There is now evidence that honeybee colonies whose queen mated with many male bees show a more diverse beneficial microbial population. Mating with many males is what queens do in nature–it is only through human-controlled artificial insemination or other breeding programs that queens are not able to mate with many genetically diverse males.
Needless to say, none of The Chassidic Beekeeper queens were mated in controlled breeding programs. Rather, they were born and bred naturally and that is one of the many reasons these bees are more naturally robust and do not require human interference in the form of miticides, medicines, or artificial feeding.
The research identified, for the first time, important food-processing genera in honey bee colonies: Succinivibrio and Oenococcus were the dominant genera found in the study and there was 40 percent greater activity of the probiotic genera Bifidobacterium and Paralactobacillus in colonies that were genetically diverse compared to those that were genetically uniform.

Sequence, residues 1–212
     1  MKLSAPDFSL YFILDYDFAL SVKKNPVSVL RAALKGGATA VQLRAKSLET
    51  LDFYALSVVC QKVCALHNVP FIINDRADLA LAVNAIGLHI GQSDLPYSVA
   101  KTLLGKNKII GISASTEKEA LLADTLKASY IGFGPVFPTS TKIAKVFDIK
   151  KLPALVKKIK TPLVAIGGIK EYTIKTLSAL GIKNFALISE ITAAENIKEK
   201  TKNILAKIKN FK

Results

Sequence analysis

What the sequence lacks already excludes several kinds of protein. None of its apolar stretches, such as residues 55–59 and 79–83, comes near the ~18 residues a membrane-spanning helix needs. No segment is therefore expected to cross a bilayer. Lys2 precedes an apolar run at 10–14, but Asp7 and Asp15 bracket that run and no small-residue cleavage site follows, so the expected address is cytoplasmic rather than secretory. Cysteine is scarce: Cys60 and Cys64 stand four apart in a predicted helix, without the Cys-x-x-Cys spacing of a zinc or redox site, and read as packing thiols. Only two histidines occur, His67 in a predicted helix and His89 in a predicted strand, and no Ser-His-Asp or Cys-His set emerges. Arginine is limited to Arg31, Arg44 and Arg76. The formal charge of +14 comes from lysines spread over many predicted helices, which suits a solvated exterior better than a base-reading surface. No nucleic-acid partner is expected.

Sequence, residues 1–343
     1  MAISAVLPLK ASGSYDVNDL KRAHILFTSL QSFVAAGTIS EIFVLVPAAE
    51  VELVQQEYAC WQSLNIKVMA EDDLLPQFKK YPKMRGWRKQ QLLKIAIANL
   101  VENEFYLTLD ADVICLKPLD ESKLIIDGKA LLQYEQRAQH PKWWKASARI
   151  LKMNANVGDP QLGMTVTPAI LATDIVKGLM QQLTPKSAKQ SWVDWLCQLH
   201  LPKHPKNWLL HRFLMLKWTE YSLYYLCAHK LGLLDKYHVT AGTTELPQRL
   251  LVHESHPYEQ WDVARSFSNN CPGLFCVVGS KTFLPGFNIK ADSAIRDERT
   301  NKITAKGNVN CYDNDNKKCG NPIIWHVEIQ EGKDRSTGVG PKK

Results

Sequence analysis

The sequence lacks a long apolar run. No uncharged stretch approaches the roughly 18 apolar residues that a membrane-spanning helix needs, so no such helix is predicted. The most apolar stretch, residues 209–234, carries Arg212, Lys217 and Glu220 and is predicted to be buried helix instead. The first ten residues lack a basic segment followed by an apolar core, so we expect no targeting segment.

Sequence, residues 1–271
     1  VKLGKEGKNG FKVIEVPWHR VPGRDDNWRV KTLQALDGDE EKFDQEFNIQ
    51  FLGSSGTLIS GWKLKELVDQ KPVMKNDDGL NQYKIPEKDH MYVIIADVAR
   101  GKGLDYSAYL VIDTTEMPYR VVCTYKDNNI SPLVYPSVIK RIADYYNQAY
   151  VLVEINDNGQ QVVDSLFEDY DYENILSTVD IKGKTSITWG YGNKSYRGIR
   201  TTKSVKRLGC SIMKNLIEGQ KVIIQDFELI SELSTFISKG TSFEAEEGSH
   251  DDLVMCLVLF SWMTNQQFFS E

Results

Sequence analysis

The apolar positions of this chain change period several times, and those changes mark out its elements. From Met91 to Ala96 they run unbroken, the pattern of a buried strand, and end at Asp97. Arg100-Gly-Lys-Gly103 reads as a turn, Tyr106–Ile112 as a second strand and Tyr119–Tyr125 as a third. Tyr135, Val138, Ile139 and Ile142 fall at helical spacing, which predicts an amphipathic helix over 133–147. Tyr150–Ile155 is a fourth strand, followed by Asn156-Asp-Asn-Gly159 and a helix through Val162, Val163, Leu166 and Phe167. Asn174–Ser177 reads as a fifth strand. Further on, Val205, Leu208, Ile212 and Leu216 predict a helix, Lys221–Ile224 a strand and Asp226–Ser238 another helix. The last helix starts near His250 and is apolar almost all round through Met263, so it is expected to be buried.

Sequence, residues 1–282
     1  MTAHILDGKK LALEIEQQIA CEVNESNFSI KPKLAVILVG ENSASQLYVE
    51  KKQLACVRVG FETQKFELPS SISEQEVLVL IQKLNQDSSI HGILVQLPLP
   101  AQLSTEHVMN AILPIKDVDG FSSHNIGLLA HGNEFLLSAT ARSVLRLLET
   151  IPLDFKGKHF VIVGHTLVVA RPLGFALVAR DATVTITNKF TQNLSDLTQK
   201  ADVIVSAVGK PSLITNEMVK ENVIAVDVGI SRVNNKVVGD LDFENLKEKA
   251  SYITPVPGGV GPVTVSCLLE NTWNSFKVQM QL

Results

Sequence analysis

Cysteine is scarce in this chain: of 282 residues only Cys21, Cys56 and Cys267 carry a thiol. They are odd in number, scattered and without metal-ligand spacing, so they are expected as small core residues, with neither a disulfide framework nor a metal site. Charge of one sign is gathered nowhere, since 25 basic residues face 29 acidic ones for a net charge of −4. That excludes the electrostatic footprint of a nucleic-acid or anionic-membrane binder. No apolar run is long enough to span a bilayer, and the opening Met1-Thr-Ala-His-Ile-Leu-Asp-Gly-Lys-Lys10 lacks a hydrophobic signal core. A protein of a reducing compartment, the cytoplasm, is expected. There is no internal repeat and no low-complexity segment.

Genetic diversity is created in a colony when a queen mates with many male bees, an act that is known to improve colony health and productivity.
“What we observed in our work was that there was less likelihood of potentially pathogenic bacteria showing up in genetically diverse honey bee colonies compared to genetically uniform colonies.”
“What we found was that genetically diverse colonies have a more diverse, healthful, active bacterial community—a greater number and diversity of bacterial sequences affiliated with beneficial genera were found in genetically diverse colonies,” Newton says.
“Conversely, genetically uniform colonies had a higher activity of potential plant and animal pathogens in their digestive tract—127 percent higher than workers from genetically diverse colonies.”